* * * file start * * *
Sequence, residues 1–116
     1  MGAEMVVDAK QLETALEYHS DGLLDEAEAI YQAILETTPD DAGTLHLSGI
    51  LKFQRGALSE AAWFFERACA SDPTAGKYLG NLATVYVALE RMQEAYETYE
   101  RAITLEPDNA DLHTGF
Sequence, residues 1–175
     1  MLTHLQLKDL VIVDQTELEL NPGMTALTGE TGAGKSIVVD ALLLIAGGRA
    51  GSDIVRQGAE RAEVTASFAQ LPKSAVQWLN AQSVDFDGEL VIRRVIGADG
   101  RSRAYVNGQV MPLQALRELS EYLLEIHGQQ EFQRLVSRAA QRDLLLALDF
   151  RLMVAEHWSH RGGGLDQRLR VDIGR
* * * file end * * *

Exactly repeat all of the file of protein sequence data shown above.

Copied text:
Sequence, residues 1–116
     1  MGAEMVVDAK QLETALEYHS DGLLDEAEAI YQAILETTPD DAGTLHLSGI
    51  LKFQRGALSE AAWFFERACA SDPTAGKYLG NLATVYVALE RMQEAYETYE
   101  RAITLEPDNA DLHTGF
Sequence, residues 1–175
     1  MLTHLQLKDL VIVDQTELEL NPGMTALTGE TGAGKSIVVD ALLLIAGGRA
    51  GSDIVRQGAE RAEVTASFAQ LPKSAVQWLN AQSVDFDGEL VIRRVIGADG
   101  RSRAYVNGQV MPLQALRELS EYLLEIHGQQ EFQRLVSRAA QRDLLLALDF
   151  RLMVAEHWSH RGGGLDQRLR VDIGR